The injunction echoes as we contemplate the tasks ahead of us. In a typical year on Holy Saturday we know exactly what this means. The frontal goes back. The fair linen goes back. The candlesticks go back. The needlepointed kneelers go back. The reserved sacrament goes back. All of this is clear in its design, comforting in its familiarity, and celebratory in its restoration. Yet in this year's larger picture--in the stripped-altar lives of our pandemic-impaired church--what will it mean for us to "put things back the way we found them?" What goes back? What doesn't go back? What shouldn't go back? How do we restore it? Or better, how do we renew it? There is no Holy Saturday altar guild template for this moment in the life of the church. This "putting back" will entail something different. It will not happen in the blink of an eye. Nor should it, if we are truly reflecting upon how the resurrected intimacies of our life together will best serve ourselves, one another, and the Christ whose Body we yearn to comprise.

Three months ago, in the Roman Catholic Diocese of Phoenix, a parish priest named Andres Arango was determined by his bishop to have performed countless invalid baptisms by pronouncing the formula using "we" instead of "I." ("We baptize you in the name of the Father, and of the Son, and of the Holy Spirit.") Fr. Andres resigned his cure, and a massive search involving baptismal certificates and family videos has been underway to identify those whose baptisms have been deemed null and void. Commenting on the matter at a recent ordination here in our diocese, Dr. Andrew McGowan opined that "the Church would traditionally have said that, so long as the Trinity was invoked ..., the danger of re-baptism is greater than the danger" of the pronominal substitution. [i]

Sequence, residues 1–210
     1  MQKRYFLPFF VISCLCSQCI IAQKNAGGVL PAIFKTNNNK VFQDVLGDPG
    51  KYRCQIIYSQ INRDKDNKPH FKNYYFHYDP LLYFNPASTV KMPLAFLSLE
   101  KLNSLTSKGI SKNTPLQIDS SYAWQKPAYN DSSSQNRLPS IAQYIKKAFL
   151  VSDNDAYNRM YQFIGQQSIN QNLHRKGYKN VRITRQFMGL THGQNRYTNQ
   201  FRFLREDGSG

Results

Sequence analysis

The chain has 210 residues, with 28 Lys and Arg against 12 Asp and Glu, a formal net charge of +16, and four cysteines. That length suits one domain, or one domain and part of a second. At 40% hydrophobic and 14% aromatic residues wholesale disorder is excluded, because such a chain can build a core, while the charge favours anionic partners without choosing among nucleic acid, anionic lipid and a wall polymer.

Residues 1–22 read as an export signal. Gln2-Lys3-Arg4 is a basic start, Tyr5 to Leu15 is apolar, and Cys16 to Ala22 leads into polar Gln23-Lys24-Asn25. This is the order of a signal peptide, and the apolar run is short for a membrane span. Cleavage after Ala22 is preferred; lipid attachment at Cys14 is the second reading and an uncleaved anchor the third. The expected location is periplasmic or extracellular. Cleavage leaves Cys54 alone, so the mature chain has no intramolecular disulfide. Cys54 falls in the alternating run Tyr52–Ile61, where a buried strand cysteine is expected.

Dean McGowan suggests, however, that the incident does invite us to reflect on the "I" and the "we" of holy orders. Fr. Andres was attempting to underscore an important feature of Christian theology--though perhaps one more often emphasized by Protestant than Catholic Christians. Fr. Andres's democratizing "we" underscores a New Testament theology of the priesthood of the whole church. Andrew McGowan writes:

The whole of our life before God is a sort of crossing of the border of the holy, ...[a] sacrifice performed on the altar of the streets and the fields and markets, in the public square of justice and the private realm of care. Our Christian identity ... is a way of bringing the needs of the world to God in prayer, and in taking the reconciling love of God to the world. [ii]

"So yes," says Andrew McGowan, "we are all priests." I would add from his description, we are all deacons as well.